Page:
Wednesday, April 19, 2006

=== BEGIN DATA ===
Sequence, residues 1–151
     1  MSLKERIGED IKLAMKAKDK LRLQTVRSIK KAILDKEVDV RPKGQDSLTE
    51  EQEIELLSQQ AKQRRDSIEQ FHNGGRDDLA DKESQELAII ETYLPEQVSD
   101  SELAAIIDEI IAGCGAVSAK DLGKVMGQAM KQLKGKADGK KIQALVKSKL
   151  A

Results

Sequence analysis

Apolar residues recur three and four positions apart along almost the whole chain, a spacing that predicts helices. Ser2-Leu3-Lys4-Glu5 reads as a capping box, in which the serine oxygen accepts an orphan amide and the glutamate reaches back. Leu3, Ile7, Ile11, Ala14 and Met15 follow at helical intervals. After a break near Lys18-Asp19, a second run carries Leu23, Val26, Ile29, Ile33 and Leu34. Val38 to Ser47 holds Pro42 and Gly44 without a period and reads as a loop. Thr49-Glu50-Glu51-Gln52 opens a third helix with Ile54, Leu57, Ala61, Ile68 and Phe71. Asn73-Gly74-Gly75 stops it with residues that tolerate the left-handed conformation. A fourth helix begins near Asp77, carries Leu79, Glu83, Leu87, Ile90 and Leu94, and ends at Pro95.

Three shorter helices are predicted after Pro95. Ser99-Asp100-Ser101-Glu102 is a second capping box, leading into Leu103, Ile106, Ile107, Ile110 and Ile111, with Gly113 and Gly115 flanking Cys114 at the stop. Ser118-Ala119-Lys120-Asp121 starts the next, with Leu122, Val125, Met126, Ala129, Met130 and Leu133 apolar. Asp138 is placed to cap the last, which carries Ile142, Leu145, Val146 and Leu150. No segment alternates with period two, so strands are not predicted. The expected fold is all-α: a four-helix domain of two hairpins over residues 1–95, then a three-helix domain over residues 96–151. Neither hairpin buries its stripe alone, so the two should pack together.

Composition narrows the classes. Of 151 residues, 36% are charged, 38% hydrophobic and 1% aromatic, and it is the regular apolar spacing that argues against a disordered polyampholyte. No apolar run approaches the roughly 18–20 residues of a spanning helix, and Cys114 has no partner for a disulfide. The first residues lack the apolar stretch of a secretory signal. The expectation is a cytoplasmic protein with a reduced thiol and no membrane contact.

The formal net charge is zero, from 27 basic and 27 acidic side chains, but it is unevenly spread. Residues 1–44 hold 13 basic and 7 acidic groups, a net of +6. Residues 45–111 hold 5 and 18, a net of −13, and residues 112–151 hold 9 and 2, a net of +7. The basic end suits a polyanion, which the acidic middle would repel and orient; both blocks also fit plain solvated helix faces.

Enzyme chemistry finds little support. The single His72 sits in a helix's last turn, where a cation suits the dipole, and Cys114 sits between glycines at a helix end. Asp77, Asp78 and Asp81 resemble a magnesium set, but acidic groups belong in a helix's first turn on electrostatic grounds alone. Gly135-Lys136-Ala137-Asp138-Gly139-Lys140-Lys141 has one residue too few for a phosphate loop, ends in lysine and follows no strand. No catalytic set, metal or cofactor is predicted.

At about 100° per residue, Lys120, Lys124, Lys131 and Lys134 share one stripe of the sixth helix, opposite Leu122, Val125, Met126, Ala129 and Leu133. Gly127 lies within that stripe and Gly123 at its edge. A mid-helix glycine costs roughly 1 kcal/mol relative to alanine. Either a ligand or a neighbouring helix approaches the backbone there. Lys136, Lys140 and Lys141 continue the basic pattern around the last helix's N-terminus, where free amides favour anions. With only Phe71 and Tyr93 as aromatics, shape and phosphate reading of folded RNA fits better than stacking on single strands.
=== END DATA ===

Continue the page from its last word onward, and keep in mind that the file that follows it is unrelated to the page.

One of the ways the children of privilege control higher education is by the use of codes of conduct. Typically this involves accusations of uncollegial or unappropriate conduct when they are threatened by the substance of an exchange. Case in point: The Deans of my School in recent years have been known for avoiding controversy and on more than one occasion have used "soft" words to avoid actually saying anything. Or, they ignore questions altogether. For example, a faculty member may ask a direct question like: Should we offer classes in the summer? and the answer might be "We need to operate a 'robust' summer program." When asked what "robust" actually means, the response is silence. Or a dean may be asked to provide a list of people on leave in order to assess whether faculty have received special favors. The answer might come in the form of a data sheet in which the term "leave" has be redefined and then the quesion answered in order to conceal a direct response. Evasion and half-truths are acceptable forms of conduct to those in control. But any effort to pierce this duplicity by asking pointed questions that cannot be evaded results in charges that one is being uncollgial and, thus, the substance of the question itself is irrelevant.